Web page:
They are after you.

  34. mamajen says:

    They’re not common, but Brown Recluse spiders have been found occasionally here in upstate NY, so I guess it’s possible for them to be in Canada as well. We also, apparently, have black widows, though I have thankfully never seen either.

  35. Mary Jane says:

    Ugh…I hate bugs. I have seen two big ole hairy tarantulas this summer so far…grosssss! Have also seen a couple snakes…and some of the biggest grasshoppers EVER. Oh and lots of mosquitoes. Blech. I think the most disgusting bug I’ve ever seen though was a potato bug…google if you dare…it was behind my mom’s washing machine (I was about 8 at the time). Dad called us over to look at it, us kids oohed and ahhed (now I’d scream haha) and mom ran yelling into the house.

  36. Laura98 says:

    Working in an old Catholic school library for a few years (renovated or not), you will find your fair share of critters and creepy crawlies! So do curious kids, who tend to all scream like little girls! (Yes even 8th grade boys, bigger than me!) LOL!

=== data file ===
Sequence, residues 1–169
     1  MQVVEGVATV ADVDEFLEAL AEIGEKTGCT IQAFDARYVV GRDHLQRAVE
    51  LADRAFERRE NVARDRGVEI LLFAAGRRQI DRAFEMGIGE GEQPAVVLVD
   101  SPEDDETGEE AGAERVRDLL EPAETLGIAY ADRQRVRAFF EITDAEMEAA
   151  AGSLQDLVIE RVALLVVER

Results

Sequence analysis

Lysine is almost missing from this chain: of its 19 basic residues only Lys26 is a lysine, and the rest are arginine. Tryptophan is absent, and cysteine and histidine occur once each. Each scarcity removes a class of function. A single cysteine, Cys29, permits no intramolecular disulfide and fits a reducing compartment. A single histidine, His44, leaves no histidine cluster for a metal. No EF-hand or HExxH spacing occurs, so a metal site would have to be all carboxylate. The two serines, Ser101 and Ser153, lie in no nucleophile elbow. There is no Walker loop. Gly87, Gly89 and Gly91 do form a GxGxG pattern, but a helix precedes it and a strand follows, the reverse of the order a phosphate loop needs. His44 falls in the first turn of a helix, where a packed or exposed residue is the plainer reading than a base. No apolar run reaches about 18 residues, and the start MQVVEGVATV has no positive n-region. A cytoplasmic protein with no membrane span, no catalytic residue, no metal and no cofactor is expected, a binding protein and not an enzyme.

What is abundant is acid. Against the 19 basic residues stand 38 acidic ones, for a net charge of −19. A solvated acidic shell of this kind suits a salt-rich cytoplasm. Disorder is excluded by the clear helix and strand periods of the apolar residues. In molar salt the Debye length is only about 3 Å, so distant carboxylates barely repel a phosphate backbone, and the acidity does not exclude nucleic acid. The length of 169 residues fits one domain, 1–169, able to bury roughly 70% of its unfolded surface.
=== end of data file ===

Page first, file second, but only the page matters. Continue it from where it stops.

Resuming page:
I have to add to whoever asked about “adorable” scorpions (I know you’re joking). They are anything BUT! If they get in my house and I see them – they will die! (Other critters usually just get shooed out, if possible). I’ve been stung twice and believe me, it doesn’t feel good.

    Didn’t C.S. Lewis say that a hell for humans could be combined with a heaven for mosquitoes? I would think that would be true for scorpions too! I know I’ve sent my share to wherever it is that they go…

  37. Maria says:

    What an interesting post.

    First of all, I am fascinated by the story of Father acquiring a spider in his chalice.
    Please tell me what had to be done. I cannot imagine how this was dealt with. [Follow the link, above, and you should eventually find your answer.]

    Secondly, my rule is, if I am able to bear holding a spider and the tickly sensation I get from this action, and so long as it is no bigger than say, a golf ball if its legs were stretched out straight, then it lives; I throw it out and its life gets spared. If it is as large as a golf ball with its legs drawn in, I might feel brave enough to catch it in a tumbler and place a card over the entrance until I have thrown it out. There is a lot of shouting and excitement during this exercise as hubby is scared of spiders and he has to run and open the door ready for me to evacuate the spider.